In the interview with Itogi, Shakhnazarov explained that in making Rider he intended to explore the psychological motivations that impel individuals to embrace terror as a means of political struggle.  Such a philosophical approach to the issue (adopted from Ropshin’s novel) helps to explain, but does not entirely justify, the film’s transplanting of the characters’ physical actions and moral deliberations into a rather unspecified setting.  Nor does the film consistently apply this historically detached perspective, especially with regards to sets and characters. 

Thus, Shakhnazarov invests a large portion of the film’s budget into a historically authentic (albeit far too pristine) in-studio reproduction of pre-revolutionary Moscow streets, only to suspend the action that takes place there in what seems almost an historical vacuum.  The film, for the most part, shuns references to the social strife, discontent, and anxiety that plagued Russian society at the time of the Empire’s humiliating defeat in the bloody Russo-Japanese War, the government’s repressions against academic institutions, and its brutal suppression of rapidly-escalating social unrest.  In its failure to reflect Russia’s critical socio-political condition, the film creates the impression that the terrorists are involved in terror for terror’s sake, rather than as a response to the gross injustices of Russia’s autocratic regime.  Fedor’s briefly outlined social grievances, Vania’s religious love for humanity, and Erna’s romantic love―all ring hollow when juxtaposed with the disturbingly graphic imagery of innocent bystanders’ mutilated bodies in the wake of a failed terrorist act.  The viewer starts wondering why the characters even bother philosophizing in the face of such condemning evidence. 

 

Further imbalance in characterization concerns the film’s two main adversaries: the Grand Duke and George.  While an informed viewer can connect the otherwise unnamed Grand Duke to the historical figure of Sergei Aleksandrovich Romanov, the film paints a very abstract portrait of this personage.  The visual markers of his image―an open young face with handsome and noble features, a neatly trimmed beard fashioned after that of Tsar Nikolai II, a thoughtful and intelligent look in his eyes, and his non-threatening posture―all suggest a benevolent aristocratic ruler, not a reactionary responsible for the persecution of the Jews, the suppression of the progressive press, and the Khodynka tragedy of 1896.  The character of George, by comparison, extends beyond his novelistic counterpart, incorporating some inglorious aspects of Boris Savinkov’s post-revolutionary biography into the film’s epilogue.  As opposed to his victim’s humane features, George’s face is heavily made up and frozen into a semblance of a mask.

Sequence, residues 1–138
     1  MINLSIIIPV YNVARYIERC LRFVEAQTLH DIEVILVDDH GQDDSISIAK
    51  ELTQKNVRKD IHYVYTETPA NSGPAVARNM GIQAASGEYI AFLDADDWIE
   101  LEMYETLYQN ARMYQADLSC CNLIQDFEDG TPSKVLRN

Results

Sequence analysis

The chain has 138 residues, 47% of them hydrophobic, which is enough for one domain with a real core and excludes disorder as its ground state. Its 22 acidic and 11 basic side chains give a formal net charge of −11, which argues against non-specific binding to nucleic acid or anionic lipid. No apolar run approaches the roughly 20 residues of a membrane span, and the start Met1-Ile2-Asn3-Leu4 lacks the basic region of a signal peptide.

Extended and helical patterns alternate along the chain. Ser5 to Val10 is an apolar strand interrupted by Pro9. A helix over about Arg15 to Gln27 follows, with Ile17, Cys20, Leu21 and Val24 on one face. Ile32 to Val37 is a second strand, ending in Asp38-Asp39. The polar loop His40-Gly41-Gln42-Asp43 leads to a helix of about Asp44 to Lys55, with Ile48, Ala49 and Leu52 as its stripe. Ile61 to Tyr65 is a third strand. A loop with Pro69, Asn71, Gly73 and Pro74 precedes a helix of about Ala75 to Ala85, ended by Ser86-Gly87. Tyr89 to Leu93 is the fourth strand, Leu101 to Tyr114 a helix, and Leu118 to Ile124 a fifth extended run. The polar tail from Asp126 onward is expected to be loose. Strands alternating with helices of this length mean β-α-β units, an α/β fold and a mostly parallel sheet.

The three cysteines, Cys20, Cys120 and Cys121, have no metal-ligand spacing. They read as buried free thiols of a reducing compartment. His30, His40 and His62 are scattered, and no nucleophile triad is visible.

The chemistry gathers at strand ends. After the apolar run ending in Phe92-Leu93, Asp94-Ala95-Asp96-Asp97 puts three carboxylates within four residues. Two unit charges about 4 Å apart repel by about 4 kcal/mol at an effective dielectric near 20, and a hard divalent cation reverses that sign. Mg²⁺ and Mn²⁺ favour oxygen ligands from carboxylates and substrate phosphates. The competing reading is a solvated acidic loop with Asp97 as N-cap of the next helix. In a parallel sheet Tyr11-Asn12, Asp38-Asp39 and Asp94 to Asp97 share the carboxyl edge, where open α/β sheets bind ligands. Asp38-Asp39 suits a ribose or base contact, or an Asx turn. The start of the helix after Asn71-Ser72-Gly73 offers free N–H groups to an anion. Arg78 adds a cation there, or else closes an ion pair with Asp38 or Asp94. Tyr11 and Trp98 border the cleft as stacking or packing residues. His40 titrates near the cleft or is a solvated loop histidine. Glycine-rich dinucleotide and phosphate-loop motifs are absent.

The theme of masks and theatricality, central to the novel, takes on a different meaning in the film.  Ropshin’s character perceived himself as a soulless marionette in a universe devoid of higher ideals.  This late Symbolist perception of the world as a puppet-show moved by an unfathomable force accurately described the mood of despair and defeat that reigned in the Socialist Revolutionary Party after the suppression of the 1905 revolution and the unmasking of a secret police agent-provocateur within its governing committee and the Combat Organization.  Much as Ropshin’s character deplores his own spiritual degradation, he sees himself as a product of the despotic regime that turned the entire country into a bleak prison.  The George of the film, however, acts out the role of the master-manipulator staging his violent play with an extraordinary sense of detachment and poise.  The final moments of this show are played out during the closing act of Verdi’s Un Ballo in Maschera, performed at the Bolshoi Theater.  As George enters the Grand Duke’s private box and aims a handgun at his helpless victim, the two men are framed against the background of the masked ball enacted behind them on stage.  In Verdi’s opera, a small group of self-absorbed conspirators use the anonymity and confusion of a masked ball to assassinate a benevolent and popular king.  After George fires the lethal shot and escapes from the theater, he is shown lying on a bed in his claustrophobic room as the opera continues on the soundtrack.  The chorus’s condemnation of the assassin―“Death and infamy to the traitor!  Let the sword of vengeance cut him down!”―resounds over George as the camera rises above him assuming the high-angle position (repeated in the final shot of the film) of a moral judge.